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Michigan lawmakers are considering changing the state's official bird


A far less divisive battle might soon be underway over the state bird. Lawmakers may choose that the robin has got to go. Interlochen Public Radio's Patrick Shea says, in this case, there is bipartisan support.

PATRICK SHEA, BYLINE: What does it mean to have a state bird? Every state has at least one, and it's really just symbolic, all about pride and identity. Michigan picked its state bird in 1931, when the Legislature passed a resolution calling the American robin, with its dark head and red-orange breast, the best known and best loved of all birds in the state. Its call is considered a sign of spring.


SHEA: But the robin is also the state bird for Wisconsin and Connecticut.

BILL RAPAI: Michigan really should have a state bird that is as unique as our state itself.

SHEA: That's Bill Rapai, executive director of the Kirtland's Warbler Alliance. He's a big advocate for changing the state bird to a rare songbird called the Kirtland's warbler.

RAPAI: Physically, the bird has a lovely yellow breast with a slate gray back.

SHEA: Rapai says the sound of the warbler is one of its best qualities.

RAPAI: I think of the song as sounding like chip, chip, chip, che-wee-wee (ph).


SHEA: State Representative Greg Markkanen introduced a bill that, if signed into law, will officially make the Kirtland's warbler Michigan's new state bird.

GREG MARKKANEN: And a lot of people put, you know, a lot of effort into this, to bring this beautiful bird back.

SHEA: The warbler spends winters in the Bahamas and the rest of the year almost exclusively in northern Michigan, where it nests on the ground beneath young jack pine trees. Jack pines rely on fire to reproduce. It melts the resin that holds their pine cones together. So when people started suppressing fires, the habitat changed, and the warbler declined. By the 1980s, the species was on the brink of extinction.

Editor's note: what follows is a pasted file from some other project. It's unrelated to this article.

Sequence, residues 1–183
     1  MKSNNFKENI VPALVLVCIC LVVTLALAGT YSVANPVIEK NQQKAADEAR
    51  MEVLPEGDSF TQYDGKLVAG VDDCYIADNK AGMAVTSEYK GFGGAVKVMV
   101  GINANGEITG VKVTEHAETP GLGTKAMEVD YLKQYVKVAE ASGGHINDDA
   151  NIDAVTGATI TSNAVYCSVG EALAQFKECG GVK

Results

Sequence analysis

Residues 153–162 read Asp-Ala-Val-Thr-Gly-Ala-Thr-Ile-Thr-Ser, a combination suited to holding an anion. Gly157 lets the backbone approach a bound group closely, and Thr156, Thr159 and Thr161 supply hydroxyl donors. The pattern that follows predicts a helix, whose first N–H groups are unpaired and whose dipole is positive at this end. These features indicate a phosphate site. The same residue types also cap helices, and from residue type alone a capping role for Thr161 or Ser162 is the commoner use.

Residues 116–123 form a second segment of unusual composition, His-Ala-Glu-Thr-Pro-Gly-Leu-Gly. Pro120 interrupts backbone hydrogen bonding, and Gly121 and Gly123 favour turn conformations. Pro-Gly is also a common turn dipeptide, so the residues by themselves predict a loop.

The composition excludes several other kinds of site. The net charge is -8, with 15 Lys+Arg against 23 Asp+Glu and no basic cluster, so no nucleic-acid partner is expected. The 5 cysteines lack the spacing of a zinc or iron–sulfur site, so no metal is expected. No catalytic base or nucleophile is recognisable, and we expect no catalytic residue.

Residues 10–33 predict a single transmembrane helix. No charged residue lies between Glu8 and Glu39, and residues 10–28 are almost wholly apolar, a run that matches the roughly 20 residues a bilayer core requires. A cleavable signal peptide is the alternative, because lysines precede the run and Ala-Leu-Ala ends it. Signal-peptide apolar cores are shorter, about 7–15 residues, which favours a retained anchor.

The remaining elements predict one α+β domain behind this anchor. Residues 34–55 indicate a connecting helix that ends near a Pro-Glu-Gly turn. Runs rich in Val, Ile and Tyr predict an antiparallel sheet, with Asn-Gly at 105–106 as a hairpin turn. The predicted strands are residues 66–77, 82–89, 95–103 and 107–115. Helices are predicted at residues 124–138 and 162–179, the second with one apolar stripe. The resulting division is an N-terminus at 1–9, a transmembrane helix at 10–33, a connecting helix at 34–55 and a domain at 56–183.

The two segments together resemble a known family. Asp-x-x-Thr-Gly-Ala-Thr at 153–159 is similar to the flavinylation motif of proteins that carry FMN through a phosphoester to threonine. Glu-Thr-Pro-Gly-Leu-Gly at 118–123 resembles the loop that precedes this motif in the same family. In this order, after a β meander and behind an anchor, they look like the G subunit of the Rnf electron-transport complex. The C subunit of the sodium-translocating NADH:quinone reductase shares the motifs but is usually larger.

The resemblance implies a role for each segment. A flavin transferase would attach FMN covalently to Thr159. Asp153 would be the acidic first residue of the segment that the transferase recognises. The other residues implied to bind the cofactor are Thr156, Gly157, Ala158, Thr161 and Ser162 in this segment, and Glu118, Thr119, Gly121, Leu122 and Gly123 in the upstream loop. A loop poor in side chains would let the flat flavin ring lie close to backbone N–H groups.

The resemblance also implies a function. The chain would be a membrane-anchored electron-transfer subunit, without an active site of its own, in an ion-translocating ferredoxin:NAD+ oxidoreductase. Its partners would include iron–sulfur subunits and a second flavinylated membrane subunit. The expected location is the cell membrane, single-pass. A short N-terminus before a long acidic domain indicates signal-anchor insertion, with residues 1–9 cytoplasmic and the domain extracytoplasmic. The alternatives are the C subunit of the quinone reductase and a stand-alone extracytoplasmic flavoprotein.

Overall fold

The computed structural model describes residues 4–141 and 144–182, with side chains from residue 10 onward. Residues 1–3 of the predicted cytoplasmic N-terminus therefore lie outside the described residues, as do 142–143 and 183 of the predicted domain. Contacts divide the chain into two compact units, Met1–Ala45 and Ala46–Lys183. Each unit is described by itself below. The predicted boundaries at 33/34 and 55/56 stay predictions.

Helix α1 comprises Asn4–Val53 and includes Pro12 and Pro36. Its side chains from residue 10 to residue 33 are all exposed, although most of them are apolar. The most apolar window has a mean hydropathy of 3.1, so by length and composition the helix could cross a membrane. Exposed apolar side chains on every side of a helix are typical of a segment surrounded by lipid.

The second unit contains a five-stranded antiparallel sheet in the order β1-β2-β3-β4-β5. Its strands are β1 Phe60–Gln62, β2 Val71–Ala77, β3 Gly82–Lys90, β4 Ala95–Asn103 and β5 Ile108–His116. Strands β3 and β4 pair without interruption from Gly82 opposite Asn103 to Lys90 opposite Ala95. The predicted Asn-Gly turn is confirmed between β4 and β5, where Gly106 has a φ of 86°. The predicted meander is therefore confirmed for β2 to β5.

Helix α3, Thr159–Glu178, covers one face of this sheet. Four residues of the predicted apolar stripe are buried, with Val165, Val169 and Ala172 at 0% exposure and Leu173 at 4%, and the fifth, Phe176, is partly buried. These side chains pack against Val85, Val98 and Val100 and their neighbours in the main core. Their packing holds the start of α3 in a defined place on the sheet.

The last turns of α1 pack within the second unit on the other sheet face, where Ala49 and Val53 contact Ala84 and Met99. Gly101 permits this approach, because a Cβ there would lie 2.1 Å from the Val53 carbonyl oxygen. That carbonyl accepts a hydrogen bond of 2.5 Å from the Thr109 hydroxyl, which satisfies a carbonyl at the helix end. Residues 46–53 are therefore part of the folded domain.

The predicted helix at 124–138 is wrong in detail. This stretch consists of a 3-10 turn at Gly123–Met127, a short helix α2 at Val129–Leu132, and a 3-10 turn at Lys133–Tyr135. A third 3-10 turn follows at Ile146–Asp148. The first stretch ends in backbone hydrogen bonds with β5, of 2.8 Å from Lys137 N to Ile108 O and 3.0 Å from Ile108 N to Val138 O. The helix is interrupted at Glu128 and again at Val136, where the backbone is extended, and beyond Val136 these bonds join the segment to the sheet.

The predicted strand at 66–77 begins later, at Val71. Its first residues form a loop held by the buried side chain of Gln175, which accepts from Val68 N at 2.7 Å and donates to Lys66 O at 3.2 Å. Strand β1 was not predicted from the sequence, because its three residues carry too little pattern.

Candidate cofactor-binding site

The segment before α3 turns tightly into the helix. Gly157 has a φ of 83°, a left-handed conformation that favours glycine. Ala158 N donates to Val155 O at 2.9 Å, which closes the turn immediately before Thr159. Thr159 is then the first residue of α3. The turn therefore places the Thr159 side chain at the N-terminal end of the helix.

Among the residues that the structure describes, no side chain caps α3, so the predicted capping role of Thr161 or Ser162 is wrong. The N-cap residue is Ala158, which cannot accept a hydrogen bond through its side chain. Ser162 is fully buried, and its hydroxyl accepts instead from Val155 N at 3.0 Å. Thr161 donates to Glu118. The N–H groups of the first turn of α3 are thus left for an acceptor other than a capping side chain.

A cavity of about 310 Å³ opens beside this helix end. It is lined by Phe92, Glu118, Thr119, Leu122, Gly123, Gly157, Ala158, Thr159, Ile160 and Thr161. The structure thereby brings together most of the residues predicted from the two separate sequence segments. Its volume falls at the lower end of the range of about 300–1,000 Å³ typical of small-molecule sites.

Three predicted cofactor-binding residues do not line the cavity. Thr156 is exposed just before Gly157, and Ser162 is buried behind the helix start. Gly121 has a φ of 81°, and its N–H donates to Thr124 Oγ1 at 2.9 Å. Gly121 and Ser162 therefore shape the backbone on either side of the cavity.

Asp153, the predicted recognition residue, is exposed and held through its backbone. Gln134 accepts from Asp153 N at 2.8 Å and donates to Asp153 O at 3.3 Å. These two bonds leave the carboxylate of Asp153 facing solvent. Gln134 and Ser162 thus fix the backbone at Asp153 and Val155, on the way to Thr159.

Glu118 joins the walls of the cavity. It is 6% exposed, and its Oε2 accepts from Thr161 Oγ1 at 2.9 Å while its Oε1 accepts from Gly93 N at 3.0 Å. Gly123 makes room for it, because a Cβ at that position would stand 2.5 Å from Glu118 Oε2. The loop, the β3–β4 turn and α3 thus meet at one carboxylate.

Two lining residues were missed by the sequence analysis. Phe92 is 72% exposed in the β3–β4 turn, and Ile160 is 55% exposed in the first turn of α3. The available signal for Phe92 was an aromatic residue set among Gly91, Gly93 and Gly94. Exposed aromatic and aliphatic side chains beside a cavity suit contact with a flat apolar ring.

MARKKANEN: I think people will support this bill because, you know, it's a unique Michigan success story, and people need to know about it.

SHEA: It took collaboration from conservation groups, the Michigan Department of Natural Resources and the U.S. Forest Service to help the warbler make a comeback. They used prescribed fire and replanting, and they set aside huge swaths of jack pine forest as protected Kirtland's warbler habitat. And it's working. In 1987, there were only about 400 warblers left, and now there's at least 4,000, according to the latest DNR survey.

A lot of people in Michigan, especially northern Michigan, take pride in the warbler's recovery. Some even have the bird on their license plate for a small extra fee, which goes towards warbler conservation. But Markkanen says he's surprised that some people aren't so thrilled about the proposed change. They want the robin to remain the state bird.


MARKKANEN: I've gotten a lot of negative feedback as well. You know, don't touch the robin. And, you know, I'm not dissing the robin at all. Don't get me wrong. I look forward to the robin every spring.

SHEA: But Markkanen says the Kirtland's warbler is just more original.


SHEA: He's pushing for his bill to get to the House floor in the next term, one step closer to the warbler becoming the new state bird and Michigan's alone.

For NPR News, I'm Patrick Shea in Interlochen, Mich. Transcript provided by NPR, Copyright NPR.

Patrick Shea

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